Have you always dreamed of owning your own bar? Follow our step-by-step guide to building one at home...


The alfresco bar

Whether it's balmy BBQ weather or festoon-lit evening cocktails, an outdoor bar is great all-year round. We love how this project can be constructed using basic tools and materials, meaning you can spend more time perfecting your cocktail-making skills before your guests arrive.


How to create an outdoor bar

Read our step-by-step guide

  • 5L Cuprinol Ducksback in your favourite colour
  • Timber (measurements below)
  • 2-inch paint brush
  • 45mm wood screws (a box of 50 should do)
  • Masking tape
  • Hacksaw or bolt cutter
  • Tape measure and pencil
  • Handsaw
  • Electric drill, with drill bits
  • Small exterior hinges and screws
  • Metal chain
  • Hooks and eyes

Measure and cut wood to size

Head to your local DIY store - it's time for some timber. You'll need to look for planks of treated rough-sawn timber (150mm x 22mm, total 8.5m length) and rough-sawn batten to hold the timber together (47mm x 22mm, total 2m length).

Once you've cut everything to size, you'll have a little bit of each left over - perfect fuel for the firepit when you're entertaining in the evenings.

Treated, rough-sawn timber cutting lengths:
  • 90cm lengths of 150mm x 22m x6
  • 60cm lengths 150mm x 22mm x2
  • 55.6cm length 150mm x 22mm x3

Rough-sawn batten cutting lengths:

  • 55.6cm lengths of 47mm x 22mm x3

Measure and cut wood to size

You'll need four of the 90cm lengths of 150mm x 22m treated rough-sawn planks for the door, and the other two 90cm lengths will be for the vertical sides of the box. The two lengths of 60cm are to go horizontally across the door to hold it together, while the three lengths of 55.6cm are for the top, bottom of the box, and middle shelf.

The first two lengths of batten are for the additional casing that will face outwards from the inside of the box, positioned at the top and bottom. They'll offer the box a bit of extra support, and make sure your bottles, glasses and shakers don't fall off the bottom shelf when the door's open. The final bit will be used as a bracket to fix the whole bar on the wall - we'll come back to that in a bit.


Fix pieces together to form a box

Arrange the four lengths of timber you're going to use for the box in a rectangle shape (make sure the top and bottom pieces sit in between the vertical sides, rather than on top of them) and screw them together at 90-degrees with 45mm exterior wood screws - use two or three at each corner.

Top tip: Create some narrow pilot holes in the wood with your drill, so the screws can find some grip on their way in, and preventing the likelihood of the wood splitting.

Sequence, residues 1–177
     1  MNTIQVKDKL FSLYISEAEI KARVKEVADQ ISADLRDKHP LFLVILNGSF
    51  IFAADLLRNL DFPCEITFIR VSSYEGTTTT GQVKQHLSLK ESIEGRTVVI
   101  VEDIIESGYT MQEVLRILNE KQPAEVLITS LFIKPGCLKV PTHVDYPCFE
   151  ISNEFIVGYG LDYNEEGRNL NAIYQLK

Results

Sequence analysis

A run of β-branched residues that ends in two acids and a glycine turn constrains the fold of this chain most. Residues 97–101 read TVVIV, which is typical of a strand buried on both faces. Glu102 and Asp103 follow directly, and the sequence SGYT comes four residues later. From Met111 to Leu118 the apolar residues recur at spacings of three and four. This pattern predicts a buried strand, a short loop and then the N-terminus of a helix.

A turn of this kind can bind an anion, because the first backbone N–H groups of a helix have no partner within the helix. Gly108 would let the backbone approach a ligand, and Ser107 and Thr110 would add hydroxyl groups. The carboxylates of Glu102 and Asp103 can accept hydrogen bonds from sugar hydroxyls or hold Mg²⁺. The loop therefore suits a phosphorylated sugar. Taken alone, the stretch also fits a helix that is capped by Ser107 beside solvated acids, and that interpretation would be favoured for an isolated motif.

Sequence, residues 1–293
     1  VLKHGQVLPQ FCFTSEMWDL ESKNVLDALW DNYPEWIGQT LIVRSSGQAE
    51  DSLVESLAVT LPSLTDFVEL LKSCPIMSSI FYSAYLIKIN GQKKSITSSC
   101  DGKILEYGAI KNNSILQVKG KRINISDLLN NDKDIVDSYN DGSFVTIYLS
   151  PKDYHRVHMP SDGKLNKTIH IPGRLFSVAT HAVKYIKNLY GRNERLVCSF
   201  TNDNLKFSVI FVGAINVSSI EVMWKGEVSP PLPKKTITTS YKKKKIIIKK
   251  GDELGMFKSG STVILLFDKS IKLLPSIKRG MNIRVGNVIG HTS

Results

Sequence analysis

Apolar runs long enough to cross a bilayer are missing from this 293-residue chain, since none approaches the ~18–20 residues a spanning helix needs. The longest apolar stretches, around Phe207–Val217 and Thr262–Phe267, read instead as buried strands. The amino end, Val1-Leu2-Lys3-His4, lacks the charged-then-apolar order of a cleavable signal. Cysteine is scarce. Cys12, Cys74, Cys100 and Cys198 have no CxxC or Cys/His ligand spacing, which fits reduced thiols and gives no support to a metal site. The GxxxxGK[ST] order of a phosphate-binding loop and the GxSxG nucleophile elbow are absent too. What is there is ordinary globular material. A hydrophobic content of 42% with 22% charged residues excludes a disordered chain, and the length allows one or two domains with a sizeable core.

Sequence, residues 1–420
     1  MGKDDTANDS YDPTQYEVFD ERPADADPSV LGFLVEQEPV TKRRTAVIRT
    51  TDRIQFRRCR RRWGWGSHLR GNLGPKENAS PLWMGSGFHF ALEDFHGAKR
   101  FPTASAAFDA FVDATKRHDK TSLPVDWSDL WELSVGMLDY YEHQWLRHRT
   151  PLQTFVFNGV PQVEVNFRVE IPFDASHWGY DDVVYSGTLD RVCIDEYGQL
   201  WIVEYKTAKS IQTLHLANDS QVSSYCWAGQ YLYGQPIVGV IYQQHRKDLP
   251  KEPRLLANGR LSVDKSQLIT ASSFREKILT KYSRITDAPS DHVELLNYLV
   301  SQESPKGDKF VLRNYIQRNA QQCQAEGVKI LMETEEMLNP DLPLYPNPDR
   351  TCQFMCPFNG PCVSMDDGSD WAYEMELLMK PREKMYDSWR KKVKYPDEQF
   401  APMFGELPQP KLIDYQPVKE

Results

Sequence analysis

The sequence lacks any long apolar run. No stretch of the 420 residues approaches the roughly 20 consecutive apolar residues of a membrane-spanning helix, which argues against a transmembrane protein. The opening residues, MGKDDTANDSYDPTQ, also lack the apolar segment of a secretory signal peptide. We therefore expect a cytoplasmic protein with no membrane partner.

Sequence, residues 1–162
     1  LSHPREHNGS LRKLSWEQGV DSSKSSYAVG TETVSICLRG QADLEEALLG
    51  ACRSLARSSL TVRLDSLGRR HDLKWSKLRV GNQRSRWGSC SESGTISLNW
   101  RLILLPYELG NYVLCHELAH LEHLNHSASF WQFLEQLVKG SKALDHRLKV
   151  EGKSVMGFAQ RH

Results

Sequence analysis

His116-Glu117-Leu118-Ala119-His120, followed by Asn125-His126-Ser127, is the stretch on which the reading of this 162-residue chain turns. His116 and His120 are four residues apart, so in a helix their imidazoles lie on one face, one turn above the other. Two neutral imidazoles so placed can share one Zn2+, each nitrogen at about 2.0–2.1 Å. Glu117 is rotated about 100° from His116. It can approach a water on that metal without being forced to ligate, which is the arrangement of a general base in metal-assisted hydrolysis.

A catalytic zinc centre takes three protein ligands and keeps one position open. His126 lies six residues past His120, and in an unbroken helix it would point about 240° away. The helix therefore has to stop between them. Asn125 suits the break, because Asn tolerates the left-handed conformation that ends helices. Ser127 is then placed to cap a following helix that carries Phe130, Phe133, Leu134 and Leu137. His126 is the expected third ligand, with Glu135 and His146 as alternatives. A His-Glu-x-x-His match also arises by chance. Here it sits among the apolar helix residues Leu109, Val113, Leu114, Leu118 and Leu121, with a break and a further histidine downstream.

When you've completed the box shape, fix the third length of 55.6cm timber into the middle of the box, to become a midway shelf. Then fit and fix your two lengths of batten at the top and bottom of the box as above - again, they're in between the vertical sides of the box, just like the shelf.


Attach door and add hinges

For the door, lay four 90cm lengths of 150mm x 22mm side by side, then fix the two 60cm pieces horizontally across to hold everything together. Make sure they're flush with the head and base of the door, and use the same screws you used for the box. One screw per plank will do nicely, so four screws per horizontal plank.

Attach two hinges to the base of the box, line up with the door and fix. You should now have a big, sturdy box with central shelf and a hinged door.


Apply two coats of Cuprinol Ducksback

Now it's time for painting. Put some masking tape over your hinges, and apply a coat of Ducksback to everything else. Use a sturdy 2" brush to get into all the nooks and crannies, painting in the same direction as the grain for the best finish. Allow to dry, then give it a second coat.


Attach fixings to hold door in place

To make sure the door stays shut, screw eyes and hooks onto the exterior of the bar as shown in the images.

Top tip: Choose exterior hooks and eyes so they don't go rusty in the rain.


Attach chain to door

To keep the door open at a level, 90-degree angle, you'll need to add two supporting chains.

While waiting for your second coat of Ducksback to dry, which can take up to an hour, use bolt cutters to chop two lengths of chain to roughly 127cm each (the exact length will differ slightly depending on where you put the eyes and hooks so measure carefully before cutting). Finish by fixing your bar to securely to a wall.


Add finishing touches

And that's pretty much it - there's a new bar in town. Customise it however you see fit. We've chosen some weather-proof metallic lettering and decorations, which you should be able to find at your local hardware store or garden centre.

Stock the bar with your favourite drinks, glasses and shakers - and get ready to tell the tale of your new garden bar at the next party.